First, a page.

Right now, there aren't anymore suggestions on what I have.  The endrocrinologist drew a blank, the sleep study was a nada, and thyroid issues were MIA.

After spending a few days beyond irritated (greatly complicated by deadline week at the magazine plus finals for my class), I have decided to regroup.

Fortune would have it that the original PA I started this line of inquiry with is out on maternity leave. A full MD is now picking me as a patient and I will see them next week.  I gave explicit instructions to the nurse on having ALL of my recent bloodwork results and other tests available for the doctor to review.  I want to make sure something wasn't overlooked. 

In the meantime, I've put my mind to other possibilities.  I have 3 things I'll be confirming with the doctor:
  • Insulin Resistence: No one has said I have diabetes, but I exhibit some trouble symptons - constant thirst, frequent bathroom trips, blood sugar crashes, intense carb cravings, and skin tags.  
  • Allergies / Food Intolerance: It's been suggested (by friends) that I might be suffering from a food allergy, such as to gluten.  I only experience digestive issues when I've eaten oats, so I'm not sold on this.  However, the maternal side of my family suffers from allergies intensely.  No harm in checking into this.
  • Reaction to Birth Control: I have a long history of birth control making my life miserable.  In fact, one of the constants in my life the past 5 years of feeling like crap has been taking hormones.  After reading what the side effects of my brand are, I was shocked to find many of my non-specific symptoms are listed as "rare side effects."  Since this would mean both estrogen and progestin versions disagree with me, it might be time to get off The Pill altogether.

So there we have it.  I continue to play medical sleuth and testing keeps coming up short.  I find myself frustrated most days that we've been looking into this since August.  But I know there is great value in knowing what I don't have.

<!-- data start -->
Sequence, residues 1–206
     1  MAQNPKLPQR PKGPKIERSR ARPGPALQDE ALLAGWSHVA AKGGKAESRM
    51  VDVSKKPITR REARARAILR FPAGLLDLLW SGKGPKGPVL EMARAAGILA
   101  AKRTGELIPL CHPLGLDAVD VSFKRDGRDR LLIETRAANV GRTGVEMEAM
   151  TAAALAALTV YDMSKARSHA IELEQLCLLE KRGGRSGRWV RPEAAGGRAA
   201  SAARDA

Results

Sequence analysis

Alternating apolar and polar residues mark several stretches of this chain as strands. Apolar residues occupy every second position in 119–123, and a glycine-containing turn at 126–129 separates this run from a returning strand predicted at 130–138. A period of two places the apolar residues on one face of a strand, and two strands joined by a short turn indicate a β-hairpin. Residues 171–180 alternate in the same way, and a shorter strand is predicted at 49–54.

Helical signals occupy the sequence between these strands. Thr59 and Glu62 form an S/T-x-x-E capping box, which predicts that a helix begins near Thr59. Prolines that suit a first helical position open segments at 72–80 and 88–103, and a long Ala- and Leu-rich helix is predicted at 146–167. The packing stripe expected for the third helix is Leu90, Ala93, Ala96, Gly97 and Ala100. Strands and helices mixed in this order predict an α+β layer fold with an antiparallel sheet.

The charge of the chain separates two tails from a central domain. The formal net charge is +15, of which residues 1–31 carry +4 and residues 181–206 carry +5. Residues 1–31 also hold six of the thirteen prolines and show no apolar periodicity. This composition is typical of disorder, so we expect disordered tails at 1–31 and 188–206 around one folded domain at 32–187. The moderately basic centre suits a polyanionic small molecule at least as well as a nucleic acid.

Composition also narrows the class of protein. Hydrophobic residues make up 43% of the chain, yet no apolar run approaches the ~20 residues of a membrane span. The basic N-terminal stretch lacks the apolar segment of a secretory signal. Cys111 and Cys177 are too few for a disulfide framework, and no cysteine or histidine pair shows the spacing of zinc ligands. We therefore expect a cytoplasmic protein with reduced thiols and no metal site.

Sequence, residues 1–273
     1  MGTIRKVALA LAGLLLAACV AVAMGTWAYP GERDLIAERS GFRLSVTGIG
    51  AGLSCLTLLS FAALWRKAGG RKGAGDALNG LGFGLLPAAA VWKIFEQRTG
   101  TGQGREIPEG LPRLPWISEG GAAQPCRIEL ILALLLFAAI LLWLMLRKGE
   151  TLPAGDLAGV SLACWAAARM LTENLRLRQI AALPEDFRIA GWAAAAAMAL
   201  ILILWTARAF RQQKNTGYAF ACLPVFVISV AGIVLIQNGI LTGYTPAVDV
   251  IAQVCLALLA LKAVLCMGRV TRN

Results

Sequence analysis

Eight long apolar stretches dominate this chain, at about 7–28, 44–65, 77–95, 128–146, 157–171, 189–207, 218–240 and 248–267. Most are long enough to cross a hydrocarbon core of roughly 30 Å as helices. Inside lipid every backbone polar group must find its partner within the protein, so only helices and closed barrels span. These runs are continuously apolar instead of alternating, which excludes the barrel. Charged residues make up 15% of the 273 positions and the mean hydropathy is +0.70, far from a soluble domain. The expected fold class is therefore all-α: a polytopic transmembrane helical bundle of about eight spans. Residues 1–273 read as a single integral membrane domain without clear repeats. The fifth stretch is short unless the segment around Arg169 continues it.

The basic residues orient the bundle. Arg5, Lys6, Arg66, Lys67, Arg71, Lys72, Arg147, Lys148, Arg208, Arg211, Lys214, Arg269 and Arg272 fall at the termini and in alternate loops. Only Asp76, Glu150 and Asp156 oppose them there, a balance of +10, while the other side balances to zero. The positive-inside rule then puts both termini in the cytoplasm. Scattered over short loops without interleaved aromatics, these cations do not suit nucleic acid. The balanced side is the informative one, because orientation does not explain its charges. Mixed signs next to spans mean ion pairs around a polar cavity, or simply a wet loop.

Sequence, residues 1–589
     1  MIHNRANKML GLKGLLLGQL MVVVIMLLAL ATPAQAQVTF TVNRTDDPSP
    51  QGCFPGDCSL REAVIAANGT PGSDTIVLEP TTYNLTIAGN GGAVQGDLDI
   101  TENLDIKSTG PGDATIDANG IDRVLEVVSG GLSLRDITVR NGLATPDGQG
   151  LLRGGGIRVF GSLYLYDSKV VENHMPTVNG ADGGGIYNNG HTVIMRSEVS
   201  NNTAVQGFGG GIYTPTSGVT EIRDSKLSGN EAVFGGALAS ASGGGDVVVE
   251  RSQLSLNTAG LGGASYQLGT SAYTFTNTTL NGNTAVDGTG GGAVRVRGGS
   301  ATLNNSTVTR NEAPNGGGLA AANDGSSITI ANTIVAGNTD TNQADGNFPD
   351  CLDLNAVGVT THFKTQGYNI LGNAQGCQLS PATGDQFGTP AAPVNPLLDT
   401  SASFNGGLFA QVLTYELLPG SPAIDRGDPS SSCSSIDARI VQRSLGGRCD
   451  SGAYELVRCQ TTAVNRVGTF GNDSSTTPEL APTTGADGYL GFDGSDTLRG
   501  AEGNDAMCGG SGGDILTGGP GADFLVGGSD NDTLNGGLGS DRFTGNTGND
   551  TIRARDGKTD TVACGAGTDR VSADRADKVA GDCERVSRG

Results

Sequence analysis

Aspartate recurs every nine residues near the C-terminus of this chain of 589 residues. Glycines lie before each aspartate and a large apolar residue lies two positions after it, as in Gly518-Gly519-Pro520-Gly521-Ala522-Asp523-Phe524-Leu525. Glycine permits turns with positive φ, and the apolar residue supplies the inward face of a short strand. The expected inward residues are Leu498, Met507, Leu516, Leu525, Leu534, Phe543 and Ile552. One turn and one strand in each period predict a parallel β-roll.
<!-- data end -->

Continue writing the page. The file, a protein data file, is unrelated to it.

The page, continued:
The best Christmas present I could get would be to know what the heck is going on.

Sunday, December 11, 2011

The Difference Between Planning and Banking

First off, thanks to all who gave feedback about the nature of the blog.  It really helps me to know that the readers I have enjoy what I create.  Hopefully when my work schedule isn't so demanding and this term of teaching is over, I will be back with renewed energy and increased posting frequency!  xoxoxoxx to all

After several weeks of adjusting to some recent news, I can now admit that Mike and I had been pursuing some job opportunities in another part of the state.  There was an opportunity for Mike that we learned about this summer, and we've been sitting on this knowledge for several months between the job actually opening, the application process, and the interview.

Long, disappointing story short, the job was given to someone else.  I had even applied to a position and it also didn't go through.

One of the chief disappointments with the outcome was either of these jobs would have been a financial golden ticket for us.  Salaries twice as high as they are now, job security, steady opportunities for pay raises and advancement. 

However, Mike and I set us up for even greater disappointment.  You see kids, there's a world of difference between planning for and banking on something.

Banking is much like gambling - it's risky, there are no guarantees, and the house usually wins.

Planning is a responsible approach - you mitigate future risk by your actions today. 

When it comes to finances, you should be planning as much as possible.  Planning applies to your savings account, 401k and other retirement investments, medical expenses, and vacations.

Banking, however, is disastrous.  Banking is making financial decisions today based on something that has a high probability of not happening.  Banking is what Clark Griswold does in Christmas Vacation: he puts a downpayment on a pool because he's banking on a large Christmas bonus that never materializes.

Mike and I knew we were edging past planning and into banking during these last months of uncertainty.  There were so many factors in the air that we began to lose sight a little.  We were dealing with the possibility of a complicated move, where one of us had to stay in order to fulfill some obligations.  That meant apartment shopping and two rents to consider.  There's a deployment in 2012 that was an unaccounted factor.  I'm still knee-deep in medical testing that hasn't yielded any answers yet.